AKA “How to Ruin my Career in One Easy Step”

It is obvious that we should closely monitor our internet footprint because organizations will continue to leverage social media in their decision-making.

A recent high-profile example is Harvard University’s decision to rescind the admission offers of 10 incoming students who had formed a private Facebook chat group, an offshoot of the official Facebook group for the Class of 2021, for the purpose of sharing memes with one another. The group called themselves “Harvard memes for horny bourgeois teens” and shared offensive material that made light of “sexual assault, the Holocaust, and the deaths of children”, according to an article in The Harvard Crimson, the university’s daily student newspaper.  When Harvard admission officials were made aware of these posts, the students’ acceptance offers were immediately revoked – frankly, as they should be.

Although this example reads as a classic tale of reckless teenage judgment, working adults continue to face adverse repercussions from their social media content. According to a 2016 national survey conducted by CareerBuilder, 49% of hiring managers who screen candidates via social networks have found information that have caused them not to hire a candidate. The report also emphasizes that potential new hires aren’t the only ones affected by social media investigations – 41% of employers stated that they used social networking sites to research current employees and 26% of employers have found content that has caused them to “reprimand or fire” an employee.

In today’s competitive job market, an ill-advised tweet or tactless Instagram or Facebook post could be a differentiator between otherwise qualified candidates – and employers are keen to use this information to do what’s best for their companies. Strict privacy settings on social media sites like Twitter, Facebook, and Instagram can help alleviate these concerns as an employee or potential new hire, but Artificial Intelligence and data scraping tools seem to indicate that roughly 90% of individuals do not completely restrict their social media data.

I recently attended a presentation that highlighted a situation in which an Artificial Intelligence company was challenged to locate and identify a person based on a single tweet. He was a criminal and it had taken the FBI over 6 months to track this person down. How long did it take the Artificial Intelligence engine to find this person from social media and identify who they were and where they were?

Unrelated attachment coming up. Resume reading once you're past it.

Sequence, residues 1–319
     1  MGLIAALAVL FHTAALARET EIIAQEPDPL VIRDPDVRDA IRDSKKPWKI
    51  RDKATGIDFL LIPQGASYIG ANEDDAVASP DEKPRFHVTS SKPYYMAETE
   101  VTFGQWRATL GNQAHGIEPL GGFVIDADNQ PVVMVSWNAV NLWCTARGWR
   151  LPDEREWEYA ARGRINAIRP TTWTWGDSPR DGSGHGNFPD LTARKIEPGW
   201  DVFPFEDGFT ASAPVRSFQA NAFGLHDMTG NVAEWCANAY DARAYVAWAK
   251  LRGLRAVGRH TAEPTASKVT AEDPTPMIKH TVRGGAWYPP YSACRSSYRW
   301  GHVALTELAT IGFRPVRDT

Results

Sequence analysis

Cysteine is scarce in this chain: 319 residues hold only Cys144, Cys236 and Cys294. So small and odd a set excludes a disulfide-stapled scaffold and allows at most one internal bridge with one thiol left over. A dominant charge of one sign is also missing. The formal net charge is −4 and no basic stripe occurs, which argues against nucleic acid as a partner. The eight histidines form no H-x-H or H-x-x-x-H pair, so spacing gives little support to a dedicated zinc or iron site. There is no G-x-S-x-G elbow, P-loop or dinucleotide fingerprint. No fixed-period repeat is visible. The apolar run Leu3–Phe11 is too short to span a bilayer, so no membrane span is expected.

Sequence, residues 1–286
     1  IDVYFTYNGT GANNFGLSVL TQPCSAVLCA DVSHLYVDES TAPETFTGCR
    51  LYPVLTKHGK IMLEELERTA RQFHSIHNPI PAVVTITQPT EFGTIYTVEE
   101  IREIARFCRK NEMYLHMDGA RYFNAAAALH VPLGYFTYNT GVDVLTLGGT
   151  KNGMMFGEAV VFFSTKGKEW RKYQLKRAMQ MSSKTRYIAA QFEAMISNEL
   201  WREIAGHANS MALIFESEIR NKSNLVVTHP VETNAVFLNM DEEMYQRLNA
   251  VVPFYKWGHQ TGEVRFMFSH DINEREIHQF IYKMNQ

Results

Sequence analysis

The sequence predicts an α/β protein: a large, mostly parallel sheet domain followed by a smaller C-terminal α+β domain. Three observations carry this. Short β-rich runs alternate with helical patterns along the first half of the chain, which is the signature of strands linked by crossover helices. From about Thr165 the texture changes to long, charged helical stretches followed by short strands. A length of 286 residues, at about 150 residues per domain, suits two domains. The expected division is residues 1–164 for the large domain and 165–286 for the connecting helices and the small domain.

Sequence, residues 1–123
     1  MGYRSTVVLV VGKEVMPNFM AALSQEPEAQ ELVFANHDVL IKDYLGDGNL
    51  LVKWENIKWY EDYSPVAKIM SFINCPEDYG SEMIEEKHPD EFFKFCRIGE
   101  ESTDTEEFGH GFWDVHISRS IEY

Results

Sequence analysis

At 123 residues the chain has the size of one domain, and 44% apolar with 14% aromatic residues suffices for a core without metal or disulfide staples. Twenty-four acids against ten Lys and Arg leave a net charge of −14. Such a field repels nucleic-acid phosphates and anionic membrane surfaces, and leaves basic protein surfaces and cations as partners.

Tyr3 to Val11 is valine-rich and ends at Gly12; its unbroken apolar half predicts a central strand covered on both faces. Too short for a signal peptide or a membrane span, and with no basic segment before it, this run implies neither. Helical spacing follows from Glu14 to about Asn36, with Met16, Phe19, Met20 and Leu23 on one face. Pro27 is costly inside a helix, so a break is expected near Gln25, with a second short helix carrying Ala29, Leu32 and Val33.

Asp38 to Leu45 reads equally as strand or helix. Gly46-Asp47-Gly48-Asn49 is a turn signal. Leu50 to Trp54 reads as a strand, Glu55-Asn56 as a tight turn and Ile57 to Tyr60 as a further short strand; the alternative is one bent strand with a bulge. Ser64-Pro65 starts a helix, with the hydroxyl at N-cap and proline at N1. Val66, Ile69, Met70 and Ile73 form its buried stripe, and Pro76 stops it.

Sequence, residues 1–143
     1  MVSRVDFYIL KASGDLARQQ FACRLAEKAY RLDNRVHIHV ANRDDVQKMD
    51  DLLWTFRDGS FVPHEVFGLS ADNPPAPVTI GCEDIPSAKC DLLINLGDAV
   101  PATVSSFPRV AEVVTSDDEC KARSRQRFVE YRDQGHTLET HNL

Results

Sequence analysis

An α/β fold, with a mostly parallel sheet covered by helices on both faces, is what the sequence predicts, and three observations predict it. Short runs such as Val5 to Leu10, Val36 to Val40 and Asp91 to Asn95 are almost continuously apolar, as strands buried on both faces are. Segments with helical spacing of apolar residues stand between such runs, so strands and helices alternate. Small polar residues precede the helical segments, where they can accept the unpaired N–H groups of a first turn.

Try 2.5 hours!

The bottom line is that, whether you like it or not, companies use your social media information aggressively and will continue to do so. Your free speech is legally protected within certain boundaries. But also be aware that your views can easily be known to your employer and your employer may not resonate with your political and religious views, much less any hate speech. You may not tangibly know that your career has been limited by your social media activity, but beware! In addition, most company policy manuals reiterate that anything on your company computer or through company servers are fair game for investigation.

A simple and elegant way to ensure that your online information won’t be used against you in your professional life is to think about each and every digital trace from the potential perspectives of others:

Could your tweet/status/post be perceived as offensive, disagreeable, or harmful to anyone?

If anything other than an absolute “NO”, think twice.

Social media is a record that cannot be erased — the gift that keeps on giving!

Selah,                                                                                                                                                                                                                                                                                                                                               Frank

___________

Sources:

http://www.careerbuilder.com/share/aboutus/pressreleasesdetail.aspx?ed=12%2F31%2F2016&id=pr945&sd=4%2F28%2F2016
http://www.nbcnews.com/news/us-news/harvard-revokes-admission-several-students-posting-offensive-memes-n768361

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